Cirrhosis is a disease in which the liver becomes severely scarred, usually as a result of many years of continuous injury. Common causes of cirrhosis include alcohol abuse and Hepatitis C. In advanced stages, cirrhosis is usually irreversible, so treatment may involve symptom management. If the disease is in its earlier stages and underlying causes can be treated, cirrhosis may be reversible.
People with cirrhosis of the liver sometimes have no symptoms, especially in earlier stages of the disease. However, cirrhosis can cause a long list of symptoms, which may or may not occur together. Some of the more common symptoms include:
- Weakness & fatigue
- Jaundice (yellowing of the skin or eyes)
- Unexplained weight loss
There are various liver diseases and conditions that can lead to cirrhosis. In the United States, the two most common causes are alcohol abuse and Hepatitis C, which together account for roughly half of the people awaiting liver transplants.
If your digestive health provider suspects cirrhosis, they will usually order an imaging test, often an ultrasound, as well as blood tests. They may also order a biopsy, which involves obtaining a sample of liver tissue to be examined.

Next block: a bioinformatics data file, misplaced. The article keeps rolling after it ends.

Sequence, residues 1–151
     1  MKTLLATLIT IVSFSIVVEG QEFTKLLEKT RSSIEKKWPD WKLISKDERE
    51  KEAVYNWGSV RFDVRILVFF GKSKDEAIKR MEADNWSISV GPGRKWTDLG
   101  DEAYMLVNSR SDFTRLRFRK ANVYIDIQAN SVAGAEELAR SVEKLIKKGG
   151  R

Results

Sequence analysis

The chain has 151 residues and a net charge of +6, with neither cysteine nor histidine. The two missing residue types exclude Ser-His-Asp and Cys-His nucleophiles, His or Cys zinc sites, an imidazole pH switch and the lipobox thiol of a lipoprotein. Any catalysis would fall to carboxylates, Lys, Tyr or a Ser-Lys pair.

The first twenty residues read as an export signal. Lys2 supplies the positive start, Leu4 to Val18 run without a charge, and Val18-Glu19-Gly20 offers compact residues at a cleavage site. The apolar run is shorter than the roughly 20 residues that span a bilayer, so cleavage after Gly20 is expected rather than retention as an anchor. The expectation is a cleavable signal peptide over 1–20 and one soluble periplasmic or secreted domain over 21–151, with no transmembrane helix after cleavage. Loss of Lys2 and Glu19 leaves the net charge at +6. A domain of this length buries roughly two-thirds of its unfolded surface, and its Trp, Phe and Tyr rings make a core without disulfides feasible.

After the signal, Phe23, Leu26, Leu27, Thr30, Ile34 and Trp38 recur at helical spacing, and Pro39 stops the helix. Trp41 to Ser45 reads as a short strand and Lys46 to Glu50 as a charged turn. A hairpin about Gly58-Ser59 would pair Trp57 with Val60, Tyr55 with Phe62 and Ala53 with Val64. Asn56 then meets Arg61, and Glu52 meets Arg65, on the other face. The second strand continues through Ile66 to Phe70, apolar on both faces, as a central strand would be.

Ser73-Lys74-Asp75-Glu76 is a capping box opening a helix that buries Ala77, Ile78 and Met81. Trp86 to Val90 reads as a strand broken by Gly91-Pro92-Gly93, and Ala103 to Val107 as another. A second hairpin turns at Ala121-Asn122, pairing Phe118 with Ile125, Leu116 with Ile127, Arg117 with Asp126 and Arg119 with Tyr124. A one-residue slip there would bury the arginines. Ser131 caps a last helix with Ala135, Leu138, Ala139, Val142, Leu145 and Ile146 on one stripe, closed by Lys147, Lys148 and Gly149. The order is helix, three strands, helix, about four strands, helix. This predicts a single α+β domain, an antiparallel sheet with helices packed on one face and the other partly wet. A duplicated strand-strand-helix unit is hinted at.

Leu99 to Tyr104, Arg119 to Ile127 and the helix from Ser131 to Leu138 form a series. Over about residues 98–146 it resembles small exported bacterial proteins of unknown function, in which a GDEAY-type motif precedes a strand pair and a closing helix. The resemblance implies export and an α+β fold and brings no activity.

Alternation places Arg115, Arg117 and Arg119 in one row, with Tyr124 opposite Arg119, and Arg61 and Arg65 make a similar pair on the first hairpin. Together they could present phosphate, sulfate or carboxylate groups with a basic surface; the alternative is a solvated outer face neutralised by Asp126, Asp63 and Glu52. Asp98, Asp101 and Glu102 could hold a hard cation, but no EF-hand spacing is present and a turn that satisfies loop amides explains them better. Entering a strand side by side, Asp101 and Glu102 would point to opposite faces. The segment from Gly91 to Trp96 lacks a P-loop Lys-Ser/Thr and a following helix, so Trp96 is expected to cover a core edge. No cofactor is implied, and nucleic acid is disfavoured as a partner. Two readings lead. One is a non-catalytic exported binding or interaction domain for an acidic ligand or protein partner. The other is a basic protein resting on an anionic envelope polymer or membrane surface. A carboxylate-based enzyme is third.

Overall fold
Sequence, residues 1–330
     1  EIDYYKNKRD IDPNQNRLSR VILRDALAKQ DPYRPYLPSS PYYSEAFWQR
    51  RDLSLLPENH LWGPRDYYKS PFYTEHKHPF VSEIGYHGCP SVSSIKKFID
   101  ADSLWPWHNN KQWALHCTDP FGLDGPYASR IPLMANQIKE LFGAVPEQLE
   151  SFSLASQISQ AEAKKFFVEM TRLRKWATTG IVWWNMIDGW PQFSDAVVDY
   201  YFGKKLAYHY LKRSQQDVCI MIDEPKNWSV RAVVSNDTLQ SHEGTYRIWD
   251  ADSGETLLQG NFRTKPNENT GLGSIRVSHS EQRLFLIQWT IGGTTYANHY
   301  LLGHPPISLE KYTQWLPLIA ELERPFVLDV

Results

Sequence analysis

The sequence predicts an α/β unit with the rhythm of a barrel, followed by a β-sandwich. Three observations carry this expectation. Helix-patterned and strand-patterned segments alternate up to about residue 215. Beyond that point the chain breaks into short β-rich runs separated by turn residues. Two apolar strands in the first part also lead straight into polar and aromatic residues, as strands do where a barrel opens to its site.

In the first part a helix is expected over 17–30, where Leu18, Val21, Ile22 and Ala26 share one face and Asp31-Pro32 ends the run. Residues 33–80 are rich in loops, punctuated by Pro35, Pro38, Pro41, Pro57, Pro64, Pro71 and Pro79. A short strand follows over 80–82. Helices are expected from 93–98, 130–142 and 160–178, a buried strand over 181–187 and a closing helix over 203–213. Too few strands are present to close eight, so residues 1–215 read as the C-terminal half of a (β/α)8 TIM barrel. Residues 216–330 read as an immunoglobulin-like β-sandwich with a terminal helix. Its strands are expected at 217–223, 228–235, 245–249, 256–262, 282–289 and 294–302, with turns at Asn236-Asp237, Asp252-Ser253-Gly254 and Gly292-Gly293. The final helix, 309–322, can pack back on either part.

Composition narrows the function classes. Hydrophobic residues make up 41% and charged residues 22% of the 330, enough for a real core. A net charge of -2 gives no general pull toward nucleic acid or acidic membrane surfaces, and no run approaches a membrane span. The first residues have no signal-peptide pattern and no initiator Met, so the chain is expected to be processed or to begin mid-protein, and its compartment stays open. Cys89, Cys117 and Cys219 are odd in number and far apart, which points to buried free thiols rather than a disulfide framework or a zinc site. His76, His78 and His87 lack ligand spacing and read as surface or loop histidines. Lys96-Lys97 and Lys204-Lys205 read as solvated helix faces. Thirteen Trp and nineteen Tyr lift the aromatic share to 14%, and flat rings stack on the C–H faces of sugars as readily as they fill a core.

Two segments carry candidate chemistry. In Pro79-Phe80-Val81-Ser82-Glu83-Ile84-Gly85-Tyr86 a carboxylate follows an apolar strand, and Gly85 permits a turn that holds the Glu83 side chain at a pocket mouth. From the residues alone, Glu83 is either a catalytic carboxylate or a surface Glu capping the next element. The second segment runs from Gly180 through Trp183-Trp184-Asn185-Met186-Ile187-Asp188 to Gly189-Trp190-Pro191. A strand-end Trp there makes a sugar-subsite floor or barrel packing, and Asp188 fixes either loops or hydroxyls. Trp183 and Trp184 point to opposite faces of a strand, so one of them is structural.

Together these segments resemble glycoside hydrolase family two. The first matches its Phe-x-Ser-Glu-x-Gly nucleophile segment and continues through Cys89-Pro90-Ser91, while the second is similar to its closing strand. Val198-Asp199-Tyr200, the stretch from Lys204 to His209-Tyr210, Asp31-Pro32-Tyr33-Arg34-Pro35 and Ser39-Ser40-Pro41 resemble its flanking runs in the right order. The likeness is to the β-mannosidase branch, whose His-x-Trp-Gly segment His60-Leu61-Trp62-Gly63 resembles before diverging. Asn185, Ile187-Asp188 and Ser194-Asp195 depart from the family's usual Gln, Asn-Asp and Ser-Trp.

In cirrhosis, scar tissue partially blocks the flow of blood, increasing pressure in the portal vein, which carries blood to the liver from other organs. Portal hypertension is common in cirrhosis and may lead to other complications.
Cirrhosis treatment is determined by various factors, including the stage of the disease and the underlying cause. In general, treatment may involve:
- Slowing or reversing the underlying cause and managing symptoms
- Identification and treatment of existing complications
- Protecting the liver from other sources of damage